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Patsy calls time out on cardigan fella

IT LASTED longer than a wet week but Patsy's relationship is now over.

She announced it without an ounce of tact. “I've dumped your brotherin-law.”

Maggie's jaw dropped so far I could see her tonsils.

Like an ageing diva Patsy mopped her brow and rolled her eyes before adding with a sigh, “It wasn't him — it was me.” She then went on to list all the reasons why it was him.

“For a start, he wore a cardigan — a brown one with buttons the size of chestnuts.”

“You broke it off because he wore a . . . a cardigan!” spluttered Maggie, aghast.

This is the same Maggie who personally selects all her other-half 's clothes, lest he wear something that would reflect badly on her — so no tracksuit bottoms, string vests, football jerseys, white socks and definitely no brown cardigans with big buttons.

“It wasn't just the cardigan, there was also the budgie smugglers,” said Patsy. “The only man who should wear budgie smugglers is Daniel Craig. They just don't look the same on middleaged Irishmen with short legs and skin the colour of wallpaper paste.”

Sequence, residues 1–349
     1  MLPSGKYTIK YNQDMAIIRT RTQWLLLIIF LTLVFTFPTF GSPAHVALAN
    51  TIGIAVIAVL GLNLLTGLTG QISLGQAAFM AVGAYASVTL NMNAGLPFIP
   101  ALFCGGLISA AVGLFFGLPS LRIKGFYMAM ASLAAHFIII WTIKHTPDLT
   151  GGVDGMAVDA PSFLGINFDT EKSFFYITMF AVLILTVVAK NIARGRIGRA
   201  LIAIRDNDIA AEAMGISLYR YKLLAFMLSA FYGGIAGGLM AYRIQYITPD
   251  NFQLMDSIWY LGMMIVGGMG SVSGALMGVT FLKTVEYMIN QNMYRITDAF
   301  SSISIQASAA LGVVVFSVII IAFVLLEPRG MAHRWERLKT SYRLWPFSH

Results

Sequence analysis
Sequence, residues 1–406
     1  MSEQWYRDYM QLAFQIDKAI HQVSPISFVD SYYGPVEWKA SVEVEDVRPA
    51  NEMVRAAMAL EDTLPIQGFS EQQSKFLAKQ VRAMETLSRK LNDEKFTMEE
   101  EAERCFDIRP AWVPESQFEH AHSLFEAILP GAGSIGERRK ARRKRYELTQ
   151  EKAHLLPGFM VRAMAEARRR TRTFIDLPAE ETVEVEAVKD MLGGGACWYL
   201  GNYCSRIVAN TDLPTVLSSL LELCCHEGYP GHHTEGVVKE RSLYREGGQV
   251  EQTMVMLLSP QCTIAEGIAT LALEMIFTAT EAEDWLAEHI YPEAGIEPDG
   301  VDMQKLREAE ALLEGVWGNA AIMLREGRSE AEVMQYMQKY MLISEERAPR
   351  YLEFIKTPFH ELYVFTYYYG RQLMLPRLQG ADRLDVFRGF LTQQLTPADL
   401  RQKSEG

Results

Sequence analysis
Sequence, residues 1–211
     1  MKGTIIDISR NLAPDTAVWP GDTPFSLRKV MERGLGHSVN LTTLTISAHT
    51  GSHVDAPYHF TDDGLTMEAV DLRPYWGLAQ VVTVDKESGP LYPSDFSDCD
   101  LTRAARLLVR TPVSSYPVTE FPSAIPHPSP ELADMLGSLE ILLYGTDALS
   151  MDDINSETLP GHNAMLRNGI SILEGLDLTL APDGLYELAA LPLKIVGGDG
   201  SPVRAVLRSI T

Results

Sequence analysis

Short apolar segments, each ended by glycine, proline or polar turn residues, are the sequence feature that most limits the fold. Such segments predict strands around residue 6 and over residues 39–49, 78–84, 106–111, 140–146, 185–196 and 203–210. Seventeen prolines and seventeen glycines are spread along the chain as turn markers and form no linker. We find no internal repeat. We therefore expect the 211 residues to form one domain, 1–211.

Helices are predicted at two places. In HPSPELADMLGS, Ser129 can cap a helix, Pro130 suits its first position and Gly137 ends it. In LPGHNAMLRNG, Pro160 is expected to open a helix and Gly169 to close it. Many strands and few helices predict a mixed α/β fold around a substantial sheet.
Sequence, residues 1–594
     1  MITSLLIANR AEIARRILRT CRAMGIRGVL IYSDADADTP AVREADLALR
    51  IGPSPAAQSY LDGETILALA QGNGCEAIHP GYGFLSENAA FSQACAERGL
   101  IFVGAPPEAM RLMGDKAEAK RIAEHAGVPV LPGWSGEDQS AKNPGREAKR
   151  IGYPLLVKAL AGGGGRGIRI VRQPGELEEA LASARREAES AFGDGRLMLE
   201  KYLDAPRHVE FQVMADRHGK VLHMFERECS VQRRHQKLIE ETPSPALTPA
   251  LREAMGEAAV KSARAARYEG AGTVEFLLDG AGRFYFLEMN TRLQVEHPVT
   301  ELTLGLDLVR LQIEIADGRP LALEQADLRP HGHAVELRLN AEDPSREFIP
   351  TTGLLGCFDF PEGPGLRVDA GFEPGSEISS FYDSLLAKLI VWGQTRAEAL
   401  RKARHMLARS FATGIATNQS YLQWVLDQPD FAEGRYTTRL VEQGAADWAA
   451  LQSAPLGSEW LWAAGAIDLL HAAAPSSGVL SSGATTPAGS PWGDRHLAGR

Josie raised a quizzical eyebrow at me. “I think she means Speedo swimming togs,” I whispered.

“You mean he wore a cardigan and budgie smugglers at the same time!” shrieked Maggie, doubly aghast at this fashion faux pas. (He didn't by the way, but he might as well have for all the bad press he was getting.)

“And then there was the hill-walking. I mean, Christ Almighty, there is only so much fresh air a girl can take. Every weekend, rain or — but mainly rain — tramping up and down those bloody hills, carrying so much gear I felt like a Sherpa. You've no idea what hardship is until you've eaten damp egg sandwiches and drunk tea so strong you could trot a mouse on it, while surrounded by a herd of horny rams who looked like they hadn't had a shag in a year. I tell you, with my woolly hat on, I looked very attractive to them.”

“At your age you shouldn't give up so easily. It's not like there's a queue of men ready to take you out,” I reprimanded her. “There was something else,” she whispered, ignoring my remark. We all leaned inwards to get the goss.

“He likes strange movies,” she mouthed. “You mean like porno!” gasped Josie. Maggie visibly paled. “No, not porno! Dead boring black-and-white stuff by an old Italian guy called Houdini, or something like that.”

“I think you mean Fellini — one of the greatest film directors ever,” I said. “He can't be that great if he has to use subtitles to explain everything,” Patsy replied with a sneer.

Maggie's brother-inlaw has had one lucky escape . . .